Being of Scottish descent, I have a particular interest in the country’s history and, during my forty years of collecting magic lantern slides, I bought photographic slides of Scotland whenever I could. One of the UK’s finest, professional, Victorian photographers was George Washington Wilson, whose lantern slides are always pin-sharp with superb contrast and composition, ‘though not necessarily of interesting subjects. His business was based in Aberdeen but he and his team of photographers traveled the world taking photos. He published his images in various formats including slides, prints and stereoviews in vast quantities, thousands of which have survived.
I have, in my archive, a unique photo-diary of a young lady from Devon who, in 1876, undertook a five day tour of Scotland, including the Highlands, starting and finishing in Edinburgh. As she visited each place, she bought a souvenir photo of it for her diary, all of which were published by Wilson, which demonstrates the geographical reach of his firm, even in the 1870s. I’ll feature Sarah-Jane’s amazing diary in a future post.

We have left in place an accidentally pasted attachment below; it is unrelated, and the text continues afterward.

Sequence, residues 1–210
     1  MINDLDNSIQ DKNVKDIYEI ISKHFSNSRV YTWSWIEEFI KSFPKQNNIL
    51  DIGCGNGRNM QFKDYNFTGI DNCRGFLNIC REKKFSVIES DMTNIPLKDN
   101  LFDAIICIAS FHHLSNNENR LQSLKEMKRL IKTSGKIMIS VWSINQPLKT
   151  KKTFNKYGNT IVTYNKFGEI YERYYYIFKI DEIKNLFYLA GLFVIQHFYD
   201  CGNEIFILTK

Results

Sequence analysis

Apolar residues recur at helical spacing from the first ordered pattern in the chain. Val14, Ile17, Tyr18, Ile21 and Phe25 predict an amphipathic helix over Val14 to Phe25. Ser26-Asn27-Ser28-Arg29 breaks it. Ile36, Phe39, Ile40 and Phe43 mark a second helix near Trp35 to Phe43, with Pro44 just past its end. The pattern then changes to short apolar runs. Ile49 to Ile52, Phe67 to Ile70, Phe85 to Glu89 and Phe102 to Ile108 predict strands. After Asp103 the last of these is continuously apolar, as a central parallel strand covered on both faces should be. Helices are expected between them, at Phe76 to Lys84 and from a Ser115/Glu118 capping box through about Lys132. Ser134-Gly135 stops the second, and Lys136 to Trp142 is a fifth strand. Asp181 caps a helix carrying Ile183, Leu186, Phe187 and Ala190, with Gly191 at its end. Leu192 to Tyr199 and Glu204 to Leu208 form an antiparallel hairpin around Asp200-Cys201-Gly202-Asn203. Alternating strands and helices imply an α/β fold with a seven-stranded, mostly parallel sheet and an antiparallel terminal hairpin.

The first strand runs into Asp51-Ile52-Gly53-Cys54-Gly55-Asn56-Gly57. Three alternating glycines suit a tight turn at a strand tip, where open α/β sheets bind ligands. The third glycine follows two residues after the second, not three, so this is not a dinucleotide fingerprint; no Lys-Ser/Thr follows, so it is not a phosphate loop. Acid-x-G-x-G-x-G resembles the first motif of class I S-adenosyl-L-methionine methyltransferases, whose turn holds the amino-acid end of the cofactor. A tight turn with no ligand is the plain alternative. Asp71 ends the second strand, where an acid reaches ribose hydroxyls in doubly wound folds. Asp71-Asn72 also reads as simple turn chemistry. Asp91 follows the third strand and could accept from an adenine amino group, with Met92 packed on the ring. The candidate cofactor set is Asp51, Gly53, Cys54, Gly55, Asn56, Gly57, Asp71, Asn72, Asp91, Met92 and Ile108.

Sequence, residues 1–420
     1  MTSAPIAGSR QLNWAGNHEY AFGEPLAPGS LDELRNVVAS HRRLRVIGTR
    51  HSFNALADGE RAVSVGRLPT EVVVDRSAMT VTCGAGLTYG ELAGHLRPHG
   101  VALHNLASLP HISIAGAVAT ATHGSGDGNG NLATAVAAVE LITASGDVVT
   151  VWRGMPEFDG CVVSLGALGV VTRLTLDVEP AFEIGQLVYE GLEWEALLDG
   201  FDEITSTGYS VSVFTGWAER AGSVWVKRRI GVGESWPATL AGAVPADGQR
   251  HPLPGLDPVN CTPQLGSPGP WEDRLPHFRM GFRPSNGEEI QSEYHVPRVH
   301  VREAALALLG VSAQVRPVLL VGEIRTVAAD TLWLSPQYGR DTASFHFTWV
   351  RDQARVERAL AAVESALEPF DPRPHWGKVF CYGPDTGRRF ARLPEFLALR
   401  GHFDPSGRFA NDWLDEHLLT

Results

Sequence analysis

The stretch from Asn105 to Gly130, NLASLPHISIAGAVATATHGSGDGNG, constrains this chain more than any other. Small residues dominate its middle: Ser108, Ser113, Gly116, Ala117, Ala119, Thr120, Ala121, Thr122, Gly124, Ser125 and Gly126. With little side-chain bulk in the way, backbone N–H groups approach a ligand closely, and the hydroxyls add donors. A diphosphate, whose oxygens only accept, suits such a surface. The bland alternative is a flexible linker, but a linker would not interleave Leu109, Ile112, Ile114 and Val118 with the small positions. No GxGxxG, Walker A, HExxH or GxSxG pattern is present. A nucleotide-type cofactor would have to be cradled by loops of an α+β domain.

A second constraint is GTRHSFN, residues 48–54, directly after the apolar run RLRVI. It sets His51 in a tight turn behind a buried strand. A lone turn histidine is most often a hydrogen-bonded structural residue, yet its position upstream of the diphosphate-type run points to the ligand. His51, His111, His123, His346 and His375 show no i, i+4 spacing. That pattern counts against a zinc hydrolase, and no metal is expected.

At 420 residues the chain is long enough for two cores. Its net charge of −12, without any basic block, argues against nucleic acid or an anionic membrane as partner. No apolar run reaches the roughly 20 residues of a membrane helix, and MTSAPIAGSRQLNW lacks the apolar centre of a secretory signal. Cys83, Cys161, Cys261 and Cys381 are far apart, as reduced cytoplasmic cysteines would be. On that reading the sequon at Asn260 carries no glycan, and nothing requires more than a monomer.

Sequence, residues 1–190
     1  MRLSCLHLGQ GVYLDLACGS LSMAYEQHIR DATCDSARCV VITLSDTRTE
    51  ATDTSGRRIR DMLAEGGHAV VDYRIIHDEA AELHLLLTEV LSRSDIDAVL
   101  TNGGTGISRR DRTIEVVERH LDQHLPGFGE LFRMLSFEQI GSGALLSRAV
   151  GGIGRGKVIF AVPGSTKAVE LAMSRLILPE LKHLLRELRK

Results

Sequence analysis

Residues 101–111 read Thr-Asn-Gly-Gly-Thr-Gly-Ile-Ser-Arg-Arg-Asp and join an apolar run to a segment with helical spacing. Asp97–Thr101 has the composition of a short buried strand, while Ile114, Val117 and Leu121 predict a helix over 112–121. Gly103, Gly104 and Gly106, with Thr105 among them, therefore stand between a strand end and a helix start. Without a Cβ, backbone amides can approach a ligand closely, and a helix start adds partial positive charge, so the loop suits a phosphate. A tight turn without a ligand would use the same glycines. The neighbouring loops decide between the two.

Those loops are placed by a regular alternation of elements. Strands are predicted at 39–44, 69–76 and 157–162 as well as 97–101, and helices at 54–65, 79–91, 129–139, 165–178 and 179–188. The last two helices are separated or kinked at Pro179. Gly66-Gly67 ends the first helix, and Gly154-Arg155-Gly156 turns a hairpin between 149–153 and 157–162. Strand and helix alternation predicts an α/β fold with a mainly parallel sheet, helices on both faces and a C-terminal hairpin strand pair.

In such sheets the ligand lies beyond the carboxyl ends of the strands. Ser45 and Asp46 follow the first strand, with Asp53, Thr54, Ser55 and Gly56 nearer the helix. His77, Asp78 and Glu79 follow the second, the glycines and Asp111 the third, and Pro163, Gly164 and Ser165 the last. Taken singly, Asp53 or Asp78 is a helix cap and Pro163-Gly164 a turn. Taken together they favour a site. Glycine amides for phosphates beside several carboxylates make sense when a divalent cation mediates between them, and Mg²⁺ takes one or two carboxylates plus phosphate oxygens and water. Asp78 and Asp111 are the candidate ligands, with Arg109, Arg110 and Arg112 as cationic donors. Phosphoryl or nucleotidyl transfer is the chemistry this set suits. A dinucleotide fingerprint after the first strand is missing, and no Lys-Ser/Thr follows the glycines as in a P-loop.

Today’s slide is, I believe, one of Wilson’s earlier photos of Edinburgh, possibly taken in the 1870s. The location is Grassmarket below Edinburgh Castle. It is has some fascinating detail ….. the ‘tobacco and snuff manufactory’ with a carved figure above the doorway; Alex Brownlie’s Wine Warehouse and the Black Bull Inn. Some of the people are blurred due to them moving when the photo was taken but, a few years’ later, Wilson would be the first person to take what he called ’instantaneous’ pictures, which meant that he could freeze motion and his street scenes no longer contained blurred figures.
I’ve shown some close-ups of the slide as it is a wonderful example of how high-resolution magic lantern slides can take us back to a fleeting moment in time, one hundred and forty years ago.
One of my booklets combines George Washington Wilson’s photos of Edinburgh with text from a tourist guide published in 1868.